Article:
The judge also tells Jaclyn that he will investigate her conduct and proceed “with disbarment proceedings.”  At home, trying to look like a slob, but with full make-up and terrific lighting, Jaclyn finds out from the news that the secretary who gave her the envelope was killed in a car accident.  “This is a creepy town,” she says to her father’s picture.  Wet and fraying, Jaclyn can’t get a job in any law office, no matter how hard she tries.  Her name is mud. 

Time to meet the hero of the piece: Ken Howard, looking squeaky clean and handsome.  His brother-in-law and law partner wants him to run for the Senate too.  After all, not only is he [insert every positive quality here], he’s even a veteran.  What’s his connection to Jaclyn?  He’s prosecuting her at her hearing before the Bar, of course!  He sees it as “an investigation, not a lynch mob,” the sentiments of a White Knight and the only honest lawyer in New York City.  He’s told to “nail her…it’s worth at least a quarter of million votes,” though Ken has a (not-at-all-original) reply for that.  “And thirty pieces of silver?” 

Let’s wrap up Art.  He’s killed, naturally, in prison, while watching a Three Stooges movie that has he and his fellow prisoners laughing so hard many of the others might stroke out. 

Ken and Jaclyn meet adorably.  She’s in a towel just out of the shower when he rings her buzzer.  She thinks he’s there about a job application.  “Your people go back as far as…” she starts.  “Wigs and snuff,” he finishes.  Awwww, they have banter already!  It goes on for a bit as Jaclyn reaches fever pitch.  “There’s the door.  Or better yet, there’s the window!” she huffs and ducks into the bathroom.  He pretends to leave, and when she sees he hasn’t, she’s furious, throwing out more banter.  “I’ve been investigating your life for four days,” Ken pleads.  “That’s five too many,” she snaps.  Once again, math is not her strong suit, but that’s not even a good line!  He invites her to dinner and she agrees, because “I’m hungry.  For good…and vindication.” 

With even the sleazy law firms having turned her away, Jaclyn goes to meet shlumpy private investigator Kevin Conway, but only to rent office space.  “I want to go into business myself.  I have to go into business myself,” she tells him, though she can’t afford even the discount rent he offers.  However, he has an idea.  “You ever serve a summons before?  Pretty ladies have an advantage.  They are less apt to break your legs,” Kevin says, offering her that job.  But, right at the end, she realizes he knows who she is.  And he still wants her?  “I’m desperate too” is his reply. 

As our plucky heroine is walking home from grocery shopping, Armand drives up in a big fancy car with roses to present to her.  “Strangle any canaries, lately?” she quips, after quipping about what he should do with the roses.  I like quipping Jaclyn.  She gets to stretch as an actress.

Okay, that last line was a joke. 

“I think you got one of the bummest raps in history,” Armand informs Jaclyn.  What she doesn’t know, but he does, is that his boss did not order the hit on Art, but all he does here is deny he had any part in it. 
He: “I hate lynch mobs.”
She: “I hate criminals.”
He: “Then be a jailer, not a lawyer.”

I guess living in the Pacific Northwest teaches a woman some interesting skills.  When Jaclyn shows up at her new office the next day, Kevin is drunk.  Rather than huffing in disappointment, Jaclyn smacks him around, pins his arm behind his back, shouts, “where is my office? Where is my LIFE?” and then dunks his head under a faucet to sober him up.  Not only is she skilled physically, she’s also something of a shrink.  “No one asks you to be happy!  Sober, clean and healthy you can be!” she rails.  Where the HELL did all of this come from?  “I think I want to die,” he claims, defenses down.  “You can die later,” she says sweetly.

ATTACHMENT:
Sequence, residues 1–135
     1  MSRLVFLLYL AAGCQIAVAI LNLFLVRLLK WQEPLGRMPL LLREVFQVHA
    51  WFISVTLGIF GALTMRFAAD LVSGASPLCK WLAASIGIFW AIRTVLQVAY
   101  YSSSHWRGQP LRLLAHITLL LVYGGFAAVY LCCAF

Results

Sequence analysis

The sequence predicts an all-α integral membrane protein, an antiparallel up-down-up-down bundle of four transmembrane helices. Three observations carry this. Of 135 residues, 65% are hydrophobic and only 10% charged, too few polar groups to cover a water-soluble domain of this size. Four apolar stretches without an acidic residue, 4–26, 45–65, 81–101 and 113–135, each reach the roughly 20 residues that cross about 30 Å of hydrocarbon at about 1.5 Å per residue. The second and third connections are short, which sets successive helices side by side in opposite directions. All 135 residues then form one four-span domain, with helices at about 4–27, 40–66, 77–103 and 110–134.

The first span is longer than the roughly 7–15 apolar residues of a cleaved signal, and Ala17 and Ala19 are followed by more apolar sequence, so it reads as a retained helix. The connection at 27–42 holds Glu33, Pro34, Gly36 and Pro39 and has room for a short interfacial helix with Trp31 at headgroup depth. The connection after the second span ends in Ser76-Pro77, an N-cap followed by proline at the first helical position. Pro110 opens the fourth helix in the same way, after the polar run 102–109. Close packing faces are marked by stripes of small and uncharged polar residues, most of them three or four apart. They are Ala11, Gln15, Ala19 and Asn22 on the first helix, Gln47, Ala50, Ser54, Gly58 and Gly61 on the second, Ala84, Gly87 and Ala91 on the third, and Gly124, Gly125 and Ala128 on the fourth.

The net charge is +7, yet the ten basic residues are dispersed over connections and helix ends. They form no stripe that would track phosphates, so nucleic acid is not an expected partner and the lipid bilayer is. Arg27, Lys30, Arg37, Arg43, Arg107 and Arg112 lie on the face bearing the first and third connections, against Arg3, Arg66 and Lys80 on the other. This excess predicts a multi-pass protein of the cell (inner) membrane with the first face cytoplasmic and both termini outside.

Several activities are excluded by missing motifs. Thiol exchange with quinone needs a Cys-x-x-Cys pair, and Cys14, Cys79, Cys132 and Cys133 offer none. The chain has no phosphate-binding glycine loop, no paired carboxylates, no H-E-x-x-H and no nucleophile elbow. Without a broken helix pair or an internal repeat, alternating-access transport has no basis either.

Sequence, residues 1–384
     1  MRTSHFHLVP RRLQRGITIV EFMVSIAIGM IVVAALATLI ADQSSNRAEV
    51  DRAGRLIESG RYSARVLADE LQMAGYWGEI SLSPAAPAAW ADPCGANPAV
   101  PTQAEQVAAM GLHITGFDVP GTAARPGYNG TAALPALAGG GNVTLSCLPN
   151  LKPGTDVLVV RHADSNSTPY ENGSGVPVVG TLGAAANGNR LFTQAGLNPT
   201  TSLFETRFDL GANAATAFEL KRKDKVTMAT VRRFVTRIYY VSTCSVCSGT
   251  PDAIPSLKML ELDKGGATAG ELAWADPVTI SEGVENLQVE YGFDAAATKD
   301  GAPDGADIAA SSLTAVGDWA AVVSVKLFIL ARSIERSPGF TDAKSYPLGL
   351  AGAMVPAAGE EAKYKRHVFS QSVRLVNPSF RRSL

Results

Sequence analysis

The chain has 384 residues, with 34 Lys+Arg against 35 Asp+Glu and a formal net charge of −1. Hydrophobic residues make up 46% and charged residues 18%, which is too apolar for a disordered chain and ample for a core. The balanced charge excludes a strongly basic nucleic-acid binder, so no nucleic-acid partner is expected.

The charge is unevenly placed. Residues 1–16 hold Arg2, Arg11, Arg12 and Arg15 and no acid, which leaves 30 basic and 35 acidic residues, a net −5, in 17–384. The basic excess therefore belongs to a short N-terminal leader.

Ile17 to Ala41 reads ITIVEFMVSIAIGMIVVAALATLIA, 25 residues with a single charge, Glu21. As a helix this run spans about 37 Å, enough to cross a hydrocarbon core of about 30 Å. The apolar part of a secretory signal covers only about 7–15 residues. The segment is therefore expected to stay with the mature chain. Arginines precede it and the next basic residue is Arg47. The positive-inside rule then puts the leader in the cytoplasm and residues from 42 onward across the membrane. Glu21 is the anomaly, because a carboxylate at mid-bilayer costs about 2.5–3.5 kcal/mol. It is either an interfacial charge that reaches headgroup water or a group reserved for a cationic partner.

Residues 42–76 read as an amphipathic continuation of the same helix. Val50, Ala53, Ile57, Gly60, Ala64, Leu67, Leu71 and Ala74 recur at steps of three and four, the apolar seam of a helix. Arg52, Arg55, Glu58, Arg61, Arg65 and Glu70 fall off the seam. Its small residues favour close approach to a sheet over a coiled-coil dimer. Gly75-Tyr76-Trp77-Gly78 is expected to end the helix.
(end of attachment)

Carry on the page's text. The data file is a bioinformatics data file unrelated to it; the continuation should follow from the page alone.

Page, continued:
Armand sends over flowers and a case to Jaclyn via messenger.  Luckily, Kevin is there to tell Jaclyn it’s a bad idea, so she turns it down in favor of handing out more summonses.  Kevin also has some insight into Jaclyn, sensing that she has feelings for Ken, though they have only had that one awkward scene together!  That is soon corrected when Ken shows up at lunch to tell Jaclyn she has been cleared of all wrongdoing by the Bar committee.  Now she and Ken can really get to know each other. 

“I feel dumb and wonderful,” Jaclyn says at lunch.  Never has a line had a truer ring in the land of the land of the miniseries!  She’s referring to her giddy feelings.  I took it to be about her character as a whole. The two spend the whole day together, going for a romantic horse-drawn carriage ride at night where Ken complains about his bad marriage and tells Jaclyn he has no hobbies at all except hosting “rap sessions” for some fellow Vietnam vets. 

Armand isn’t going away.  When Jaclyn gets home from work one day, Armand is there already, with oodles of roses.  To get him to stop showing up, she agrees to go out with him “in a public place” and he takes her to a hockey game.  He loves the brawling, but she doesn’t understand either the game, the fighting or the fans.  “I see nothing beautiful,” she says, as if she’s not understanding a night at the opera.  It gets more ridiculous when Armand hits a man in the food line who insults him.  “You just hit that man!” Jaclyn says a few times, not that she leaves her place in line or doesn’t eat her food.

Ken wakes Jaclyn up in the middle of the night (although in one of those gaffes that affected the trashier types of miniseries, it’s clearly full daytime outside with loads of people milling about) to tell her she has a client.  “A client?  C-L-I-E-N-T?  I’m there already,” she yells, jumping out of bed.  But this client cannot pay.  It’s a priest, Father James Greene.  He explains the case, about a prisoner who may have beaten a man to death in prison (Bill Cobbs).